Tongue and Bee

I decided to live dangerously in October. It’s a scary month, so I’m going to explore a form of poetry with stringent rules that moves at a rapid-fire pace. I’m going to write blitz poetry. This unusual style, developed by Robert Keim, has set rules using connecting phrases to create a 50-line verse I titled Tongue and Bee.

Line 1 is a short phrase or image. Line 2 is another short phrase or image using the same first word as line 1. Lines 3 and 4 starts with the same word used as the last word of line 2. Then, lines 5 and 6 use the last word of line 4. This pattern is followed until line 48. Line 49 uses the last word in 48. Line 50 begins with the last word in line 47. The title is three words long. The title format is the first word of line 3, a preposition or conjunction, and the first word of 47. You can’t use any punctuation. Luckily, these poems don’t need to rhyme. This poetic adventure will either be a lot of fun or leave me frustrated. I will call my first Blitz poem Tongue and Bee. Let’s get our spooky scare on right now.

Tongue and Bee

Bee invaded my mouth

Bee stung my tongue

Tongue experiences pain

Tongue insulted by offense

Offense mingled with food

Offense mixed with hunger

Hunger left unsatisfied

Hunger so misunderstood

Misunderstood by the younger

Misunderstood by the family

Family sitting at the table

Family my only defense

Defense against the bees

Defense with swatting hands

Hands making bees flee

Hands that remain

Remain to clean the table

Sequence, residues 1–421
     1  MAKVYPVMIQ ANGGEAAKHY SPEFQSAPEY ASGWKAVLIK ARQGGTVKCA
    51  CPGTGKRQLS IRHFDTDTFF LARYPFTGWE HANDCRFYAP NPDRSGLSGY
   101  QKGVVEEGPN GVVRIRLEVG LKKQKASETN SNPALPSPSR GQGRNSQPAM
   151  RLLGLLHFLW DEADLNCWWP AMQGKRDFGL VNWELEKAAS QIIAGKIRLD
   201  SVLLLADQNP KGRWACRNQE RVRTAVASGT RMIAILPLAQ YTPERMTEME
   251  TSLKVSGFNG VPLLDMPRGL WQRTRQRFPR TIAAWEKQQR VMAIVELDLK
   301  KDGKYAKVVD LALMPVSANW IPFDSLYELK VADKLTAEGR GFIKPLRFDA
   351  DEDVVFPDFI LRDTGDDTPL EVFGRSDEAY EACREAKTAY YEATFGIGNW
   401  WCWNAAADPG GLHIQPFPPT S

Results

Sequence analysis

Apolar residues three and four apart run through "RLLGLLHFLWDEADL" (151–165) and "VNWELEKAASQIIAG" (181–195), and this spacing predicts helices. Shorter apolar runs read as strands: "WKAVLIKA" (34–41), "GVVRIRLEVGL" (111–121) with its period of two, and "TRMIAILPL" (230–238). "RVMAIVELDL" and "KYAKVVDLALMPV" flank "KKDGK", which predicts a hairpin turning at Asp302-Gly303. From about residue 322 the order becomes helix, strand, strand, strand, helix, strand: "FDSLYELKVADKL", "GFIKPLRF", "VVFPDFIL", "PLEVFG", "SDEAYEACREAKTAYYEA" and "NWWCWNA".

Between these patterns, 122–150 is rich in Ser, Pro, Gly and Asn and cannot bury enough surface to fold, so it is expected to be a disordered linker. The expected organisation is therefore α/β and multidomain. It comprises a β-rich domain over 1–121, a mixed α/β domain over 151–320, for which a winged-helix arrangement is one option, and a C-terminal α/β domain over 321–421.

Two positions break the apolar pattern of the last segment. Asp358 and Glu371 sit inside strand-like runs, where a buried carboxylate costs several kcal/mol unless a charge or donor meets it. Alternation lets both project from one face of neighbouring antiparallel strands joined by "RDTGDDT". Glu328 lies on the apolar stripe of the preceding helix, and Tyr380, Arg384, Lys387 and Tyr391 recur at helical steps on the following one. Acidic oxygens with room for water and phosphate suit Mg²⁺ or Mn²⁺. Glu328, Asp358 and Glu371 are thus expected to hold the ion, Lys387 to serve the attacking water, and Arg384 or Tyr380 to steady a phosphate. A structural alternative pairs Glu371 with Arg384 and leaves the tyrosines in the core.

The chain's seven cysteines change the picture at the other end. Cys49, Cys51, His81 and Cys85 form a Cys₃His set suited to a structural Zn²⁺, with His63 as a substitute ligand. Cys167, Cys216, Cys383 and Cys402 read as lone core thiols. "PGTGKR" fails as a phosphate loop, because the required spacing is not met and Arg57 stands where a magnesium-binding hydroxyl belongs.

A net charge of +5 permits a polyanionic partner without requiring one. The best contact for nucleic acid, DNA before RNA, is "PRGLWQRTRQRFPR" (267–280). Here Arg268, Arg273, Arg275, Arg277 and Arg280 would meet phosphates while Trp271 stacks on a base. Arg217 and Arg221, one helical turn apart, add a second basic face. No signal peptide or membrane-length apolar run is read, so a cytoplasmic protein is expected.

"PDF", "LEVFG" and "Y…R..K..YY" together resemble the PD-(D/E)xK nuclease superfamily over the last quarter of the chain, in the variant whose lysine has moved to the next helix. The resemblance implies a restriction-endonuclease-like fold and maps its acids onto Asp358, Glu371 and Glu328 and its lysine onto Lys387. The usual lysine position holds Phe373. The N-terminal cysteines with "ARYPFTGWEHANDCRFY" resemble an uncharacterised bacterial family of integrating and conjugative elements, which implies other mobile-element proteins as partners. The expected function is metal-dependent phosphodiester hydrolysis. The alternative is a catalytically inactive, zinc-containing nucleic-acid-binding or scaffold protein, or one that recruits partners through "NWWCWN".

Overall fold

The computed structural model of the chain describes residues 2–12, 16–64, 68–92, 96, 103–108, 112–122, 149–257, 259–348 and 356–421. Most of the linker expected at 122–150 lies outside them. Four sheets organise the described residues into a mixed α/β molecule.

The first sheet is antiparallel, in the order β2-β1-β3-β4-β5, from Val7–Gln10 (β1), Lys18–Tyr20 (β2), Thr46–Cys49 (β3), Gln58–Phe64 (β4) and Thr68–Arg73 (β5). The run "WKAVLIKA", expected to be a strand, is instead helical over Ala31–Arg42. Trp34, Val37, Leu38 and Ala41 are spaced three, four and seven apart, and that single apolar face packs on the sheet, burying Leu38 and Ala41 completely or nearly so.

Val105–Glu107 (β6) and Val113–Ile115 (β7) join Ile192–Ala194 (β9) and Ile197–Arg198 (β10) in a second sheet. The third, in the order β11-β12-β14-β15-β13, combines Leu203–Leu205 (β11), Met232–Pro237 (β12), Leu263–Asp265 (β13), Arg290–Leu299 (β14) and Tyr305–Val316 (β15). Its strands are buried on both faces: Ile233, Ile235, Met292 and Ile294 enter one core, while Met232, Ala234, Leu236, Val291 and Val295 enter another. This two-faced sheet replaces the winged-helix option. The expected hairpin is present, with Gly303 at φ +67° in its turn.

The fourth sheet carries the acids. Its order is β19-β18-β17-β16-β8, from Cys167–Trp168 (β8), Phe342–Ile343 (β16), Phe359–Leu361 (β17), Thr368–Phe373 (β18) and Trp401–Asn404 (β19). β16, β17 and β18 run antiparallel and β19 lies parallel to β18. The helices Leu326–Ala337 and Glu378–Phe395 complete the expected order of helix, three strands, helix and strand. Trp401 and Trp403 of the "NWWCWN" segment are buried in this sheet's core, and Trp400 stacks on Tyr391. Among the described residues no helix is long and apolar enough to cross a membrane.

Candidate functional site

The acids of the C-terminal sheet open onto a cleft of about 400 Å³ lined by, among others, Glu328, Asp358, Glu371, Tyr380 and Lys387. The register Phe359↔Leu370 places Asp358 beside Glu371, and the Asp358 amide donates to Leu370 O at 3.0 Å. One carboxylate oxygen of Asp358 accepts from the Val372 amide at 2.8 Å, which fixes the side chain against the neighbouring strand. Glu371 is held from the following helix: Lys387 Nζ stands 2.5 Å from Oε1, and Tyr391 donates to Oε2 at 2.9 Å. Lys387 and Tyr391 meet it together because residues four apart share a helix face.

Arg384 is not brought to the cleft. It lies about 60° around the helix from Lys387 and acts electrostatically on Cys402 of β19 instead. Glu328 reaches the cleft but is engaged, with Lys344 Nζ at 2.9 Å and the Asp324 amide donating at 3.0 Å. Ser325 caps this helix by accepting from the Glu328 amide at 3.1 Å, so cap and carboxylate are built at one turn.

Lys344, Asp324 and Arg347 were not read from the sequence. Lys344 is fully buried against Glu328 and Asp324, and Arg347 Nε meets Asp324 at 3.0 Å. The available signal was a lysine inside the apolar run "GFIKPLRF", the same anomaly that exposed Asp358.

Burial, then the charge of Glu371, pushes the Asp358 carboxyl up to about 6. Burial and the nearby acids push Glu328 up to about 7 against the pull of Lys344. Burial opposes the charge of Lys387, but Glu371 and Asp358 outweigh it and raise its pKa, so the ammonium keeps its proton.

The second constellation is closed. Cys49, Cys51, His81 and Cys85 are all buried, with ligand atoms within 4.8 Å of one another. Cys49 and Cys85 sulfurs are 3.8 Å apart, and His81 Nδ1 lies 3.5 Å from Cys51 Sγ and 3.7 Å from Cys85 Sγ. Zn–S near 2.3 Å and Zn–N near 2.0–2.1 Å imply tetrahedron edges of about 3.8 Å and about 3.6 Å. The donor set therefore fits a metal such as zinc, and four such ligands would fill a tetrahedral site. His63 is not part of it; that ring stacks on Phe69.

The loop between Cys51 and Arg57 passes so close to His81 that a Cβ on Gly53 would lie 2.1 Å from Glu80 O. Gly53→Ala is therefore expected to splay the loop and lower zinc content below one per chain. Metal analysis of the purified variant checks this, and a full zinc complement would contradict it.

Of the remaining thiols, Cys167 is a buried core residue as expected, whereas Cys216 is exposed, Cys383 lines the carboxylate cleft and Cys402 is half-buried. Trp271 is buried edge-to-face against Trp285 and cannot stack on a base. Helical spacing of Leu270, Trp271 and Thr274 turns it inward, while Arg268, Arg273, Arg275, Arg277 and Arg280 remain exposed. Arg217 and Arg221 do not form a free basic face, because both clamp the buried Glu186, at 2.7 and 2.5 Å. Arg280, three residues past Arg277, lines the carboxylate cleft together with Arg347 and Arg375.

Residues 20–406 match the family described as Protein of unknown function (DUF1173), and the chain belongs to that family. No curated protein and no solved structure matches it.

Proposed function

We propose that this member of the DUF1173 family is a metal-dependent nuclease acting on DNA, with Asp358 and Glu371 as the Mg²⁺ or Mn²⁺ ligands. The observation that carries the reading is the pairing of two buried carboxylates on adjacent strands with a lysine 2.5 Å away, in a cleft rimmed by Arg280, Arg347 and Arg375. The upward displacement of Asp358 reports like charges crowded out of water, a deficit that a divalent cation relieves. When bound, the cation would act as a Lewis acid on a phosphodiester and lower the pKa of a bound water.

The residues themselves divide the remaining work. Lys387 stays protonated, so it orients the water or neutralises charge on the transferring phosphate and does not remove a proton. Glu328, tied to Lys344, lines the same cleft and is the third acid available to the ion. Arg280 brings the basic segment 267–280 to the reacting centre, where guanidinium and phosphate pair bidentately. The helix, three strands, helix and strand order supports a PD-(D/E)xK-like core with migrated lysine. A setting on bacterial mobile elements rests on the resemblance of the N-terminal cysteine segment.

Remain to share my pain

Pain in mouth

Pain in heart

Heart that took offense

Heart that loves deep

Deep desire

Deep need

Need for forgotten meal

Need for company

Company to laugh

Company to share the story

Story about damaged tongue

Story about bee stings

Stings in the early fall

Stings because the flowers died

Died because of winter

Died because of cold

Cold weather change

Cold wandering heart

Heart of summer

Heart and soul

Soul of travelers

Souls of those moving

Moving beyond grace

Moving beyond bee sting

Sting in the mouth

Sting of venom

Venom of anger

Venom mixed with salad

Salad mixed with bee

Salad chewed small



Who is Molly Shea?

Molly Shea is an accomplished fictional short story writer from Indiana who writes short stories and novels about a fictional town called Tecumseh.  To read more of her short stories and adventures, click here.

Be sure to follow Molly on Twitter!

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Published by henhouselady

I am the author of Saving the Hen House. I didn't know when I started it would turn into a series. I love to ride motorcycles, the blues, my family, and going on adventures. This old hen rocks.

12 thoughts on “Tongue and Bee

  1. That is one hell of an adventure! I was excited myself to see what you were going to take up and ace this month. This is fantastic and clearly, not so easy to write! 😅 Well done on this one! Hope you can keep going with this challenge without much struggles. 💕

  2. Wow! That’s a powerful poem!!! I love seeing how limits/edges/guidelines/forms can be a boon to creativity… And I continue to admire how diligently you pour your eloquence and honesty and vision into SO MANY different forms of poetry (and some prose, too). I am particularly struck in this poem by these lines: “Hunger left unsatisfied/Hunger so misunderstood/Misunderstood by the younger/Misunderstood by the family.” Thank you for continuing to be a creative inspiration!

  3. To say the least, the poem moves along. I think the form could work for comedy as it does here for tragedy. This could be performed with choreography.

    I don’t know if you were ever stung this way. I was, thank goodness long ago.

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